H & K Stomach Tonic Bitters
06 April 2014
The H & K Stomach Tonic Bitters images and post content are from Matt Lacy from Austinburg, Ohio. He surprised me with these images that are outstanding. I am unfamiliar with the bottle so this is pretty darn exciting. Matt is also joining the board of the FOHBC as our Midwest representative. That is pretty darn exciting too! I took Matt up and searched for information and found yet another Mayor who put out a bitters.
[from Matt] I thought I would take a break from the eagle flasks and post another very rare bottle and the even rarer end crate. This is a local bitters to me. H & K Stomach Tonic Bitters was made by Hendry and King who owned a drug store on Center Street in Ashtabula, Ohio. They were in operation for only 8 years from 1864 to 1872. King left in 1871 to lead the Ashtabula Colony west in hopes of establishing a new town which they did, King City, Kansas, presently known as Elyria, Kansas. Hendry followed in 1872 to establish a new drug store.
I was fortunate enough to obtain this example and the end crate from a local digger that dug it out of a honey dippers dump in the late 1970s.
I have heard that an example of this bottle exists with “Ashtabula Ohio” embossed on it. I have dug an embossed panel, but have never seen an example. I would be very interested in seeing one if anyone has any information. I am also currently looking to purchase any examples of this bottle that may be available out there. Please contact me if you know of any examples like this or with the town embossed on it.
Carlyn Ring and W. C. Ham list this brand twice in Bitters Bottles. Please note that ‘ASTABULA’ should be ‘ASHTABULA’.
H 1 H & K CELEBRATED STOMACH TONIC BITTERS
H & K / CELEBRATED STOMACH / TONIC / BITTERS // f // HENDRY & KING / ASTABULA OHIO // f //
Hendry and King, Sole Proprietors
9 1/2 x 2 1/2 (6 1/2) 1/4
Square, amber, LTC, Extremely rare
H1.5 H & K STOMACH TONIC BITTERS
H & K / STOMACH / TONIC BITTERS // f // f // f //
8 7/8 x 2 3/4 (7)
Square, amber, LTC, Applied mouth, Very rare
Hendry & King Druggists
Hiram A. Hendry and Ephraim L. King had a drug store in Ashtabula Colony, Ohio. They put out the H & A Stomach Tonic Bitters which is the subject of this post. Hendry was born in Jefferson, Ohio in 1837 and had a college education. At the age of twenty-two, he took up the pharmacy profession in Ashtabula, Ohio. His business and professional partner was Ephraim L. King. King was born in Brownsville, Pennsylvania in 1830. He received his education at Allegheny College in Meadville. He resided for a time in Winona County Minnesota and then moved to Monongahela City, Pennsylvania. Next he was a professor of surgery in the Erie street Medical College in Cleveland for a short time. From there he came to Ashtabula in 1865. In Ashtabula he was twice elected mayor, and for twelve years served as a member of the Board of Education, most of the time as president.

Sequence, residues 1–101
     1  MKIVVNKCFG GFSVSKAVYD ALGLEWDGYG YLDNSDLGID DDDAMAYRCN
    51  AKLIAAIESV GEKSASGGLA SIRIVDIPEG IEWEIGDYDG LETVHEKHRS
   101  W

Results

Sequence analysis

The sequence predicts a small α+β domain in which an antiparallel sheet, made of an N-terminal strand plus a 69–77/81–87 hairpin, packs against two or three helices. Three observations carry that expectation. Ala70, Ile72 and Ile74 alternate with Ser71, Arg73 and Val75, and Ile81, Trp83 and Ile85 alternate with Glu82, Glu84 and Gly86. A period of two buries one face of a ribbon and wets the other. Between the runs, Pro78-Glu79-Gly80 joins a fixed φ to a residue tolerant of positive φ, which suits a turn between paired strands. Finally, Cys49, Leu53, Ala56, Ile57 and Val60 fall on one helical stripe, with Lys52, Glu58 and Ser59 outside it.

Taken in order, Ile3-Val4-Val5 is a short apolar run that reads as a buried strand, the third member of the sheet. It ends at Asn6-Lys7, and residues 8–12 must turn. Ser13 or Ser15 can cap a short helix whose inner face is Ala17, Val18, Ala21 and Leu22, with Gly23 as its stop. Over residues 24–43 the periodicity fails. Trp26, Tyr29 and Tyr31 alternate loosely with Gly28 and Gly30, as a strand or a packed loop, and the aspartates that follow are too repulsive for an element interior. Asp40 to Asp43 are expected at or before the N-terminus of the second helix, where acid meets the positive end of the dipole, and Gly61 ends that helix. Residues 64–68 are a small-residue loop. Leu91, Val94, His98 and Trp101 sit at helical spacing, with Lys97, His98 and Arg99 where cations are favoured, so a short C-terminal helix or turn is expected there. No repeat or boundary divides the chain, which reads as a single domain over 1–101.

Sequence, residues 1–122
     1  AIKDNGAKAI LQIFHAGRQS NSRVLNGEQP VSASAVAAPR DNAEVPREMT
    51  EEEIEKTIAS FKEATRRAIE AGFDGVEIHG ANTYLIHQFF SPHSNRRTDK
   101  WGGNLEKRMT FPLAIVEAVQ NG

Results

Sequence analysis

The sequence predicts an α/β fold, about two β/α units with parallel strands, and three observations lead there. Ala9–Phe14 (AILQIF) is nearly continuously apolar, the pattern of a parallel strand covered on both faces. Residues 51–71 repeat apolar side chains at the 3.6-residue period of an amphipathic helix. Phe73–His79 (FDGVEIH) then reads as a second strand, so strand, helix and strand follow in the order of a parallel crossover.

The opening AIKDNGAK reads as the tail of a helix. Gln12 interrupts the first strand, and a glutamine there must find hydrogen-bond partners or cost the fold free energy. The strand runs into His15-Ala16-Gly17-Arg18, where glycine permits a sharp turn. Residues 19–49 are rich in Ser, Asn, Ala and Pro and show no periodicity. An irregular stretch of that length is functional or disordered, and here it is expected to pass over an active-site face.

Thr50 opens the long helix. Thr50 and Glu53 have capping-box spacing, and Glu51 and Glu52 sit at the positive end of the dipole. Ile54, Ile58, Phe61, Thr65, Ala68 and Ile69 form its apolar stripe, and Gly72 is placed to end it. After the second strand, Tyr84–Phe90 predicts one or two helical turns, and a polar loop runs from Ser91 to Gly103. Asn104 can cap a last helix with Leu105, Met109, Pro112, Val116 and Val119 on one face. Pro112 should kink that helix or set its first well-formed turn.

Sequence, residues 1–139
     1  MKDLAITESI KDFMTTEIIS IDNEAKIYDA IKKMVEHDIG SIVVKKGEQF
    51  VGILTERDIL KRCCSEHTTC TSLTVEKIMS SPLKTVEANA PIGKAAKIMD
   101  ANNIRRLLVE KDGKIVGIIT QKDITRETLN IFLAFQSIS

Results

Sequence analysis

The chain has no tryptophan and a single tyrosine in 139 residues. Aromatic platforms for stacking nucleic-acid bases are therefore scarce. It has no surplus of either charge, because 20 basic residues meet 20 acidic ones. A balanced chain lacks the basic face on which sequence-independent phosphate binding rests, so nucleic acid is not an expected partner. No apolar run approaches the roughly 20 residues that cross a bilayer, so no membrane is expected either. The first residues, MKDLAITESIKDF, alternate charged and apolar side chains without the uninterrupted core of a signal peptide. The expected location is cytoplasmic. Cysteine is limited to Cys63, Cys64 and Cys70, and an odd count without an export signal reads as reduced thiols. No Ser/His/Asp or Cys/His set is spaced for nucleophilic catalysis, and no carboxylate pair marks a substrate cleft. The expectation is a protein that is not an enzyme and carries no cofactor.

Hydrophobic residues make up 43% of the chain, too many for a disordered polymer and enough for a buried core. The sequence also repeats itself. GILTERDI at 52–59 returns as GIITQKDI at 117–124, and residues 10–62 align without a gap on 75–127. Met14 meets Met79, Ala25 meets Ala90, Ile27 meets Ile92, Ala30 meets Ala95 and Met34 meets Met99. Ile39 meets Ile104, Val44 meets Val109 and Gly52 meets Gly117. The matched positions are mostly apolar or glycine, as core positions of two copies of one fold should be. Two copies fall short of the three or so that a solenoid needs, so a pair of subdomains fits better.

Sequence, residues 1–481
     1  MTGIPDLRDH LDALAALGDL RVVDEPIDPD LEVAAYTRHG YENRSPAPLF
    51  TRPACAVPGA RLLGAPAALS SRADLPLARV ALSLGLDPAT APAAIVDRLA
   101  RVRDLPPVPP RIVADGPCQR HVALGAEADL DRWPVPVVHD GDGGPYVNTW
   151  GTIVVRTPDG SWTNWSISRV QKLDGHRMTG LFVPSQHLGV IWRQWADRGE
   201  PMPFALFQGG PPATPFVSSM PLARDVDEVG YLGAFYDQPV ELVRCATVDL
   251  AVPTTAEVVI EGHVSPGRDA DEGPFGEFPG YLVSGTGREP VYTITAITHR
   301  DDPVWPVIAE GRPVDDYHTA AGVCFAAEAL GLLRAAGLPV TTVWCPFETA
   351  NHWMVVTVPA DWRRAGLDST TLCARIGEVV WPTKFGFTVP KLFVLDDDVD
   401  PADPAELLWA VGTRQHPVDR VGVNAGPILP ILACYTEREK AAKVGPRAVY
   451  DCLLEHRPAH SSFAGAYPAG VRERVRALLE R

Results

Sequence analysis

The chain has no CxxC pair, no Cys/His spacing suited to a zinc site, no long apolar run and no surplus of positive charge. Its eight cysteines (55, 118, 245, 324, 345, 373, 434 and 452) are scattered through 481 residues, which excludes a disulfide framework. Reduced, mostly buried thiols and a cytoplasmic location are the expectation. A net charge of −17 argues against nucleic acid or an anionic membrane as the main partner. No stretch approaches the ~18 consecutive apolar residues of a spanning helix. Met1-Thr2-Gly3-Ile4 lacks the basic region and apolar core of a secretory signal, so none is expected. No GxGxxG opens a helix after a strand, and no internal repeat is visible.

In January, 1871, Ephraim L. King, and others, organized a colony in Ashtabula, Ohio, for the purpose of locating a town in Kansas. The King group traveled a thousand miles over the State, and were returning homeward without having made a location, when they came into McPherson County, and decided upon the site of King City. Both Hendry and King relocated here. By June, 1872, the town contained twenty-five houses but would not last.
Read about other city Mayors who sold bitters:
The Honorable Stephen Buhrer and his Gentian Bitters
The unlisted Yaupon Bitters – Norfolk, Virginia
Hiram A. Hendry
Kansas and Kansans: Volume 5
Alexander Sutherland Hendry, who for more than a quarter of a century has practiced law at McPherson, is a member of the Hendry family which was so conspicuously identified with the early history of this section of the state. His father (Hiram A. Hendry) was one of the founders of the Ashtabula Colony and for years was prominent in the public and business life of McPherson.
His father was the late Hiram A. Hendry, born at Jefferson, Ohio, in 1837, son of Samuel A. Hendry, likewise a native of the same section of Ohio. Hiram Hendry had a college education, and at the age of twenty-two years took up the profession of pharmacy at Ashtabula, Ohio. His business and professional partner was Doctor King. In 1871 the Ashtabula Colony was organized in the Hendry and King Drug Store. Doctor King was sent by the organization to Kansas for the purpose of viewing a location where the members of the colony might settle, secure lands, and introduce the influences and ideals represented by the organization. Doctor King favored the conditions in McPherson County, and in 1872 the colony arrived, each of its twenty-five or thirty members securing government land in King City Township, in the central part of McPherson County.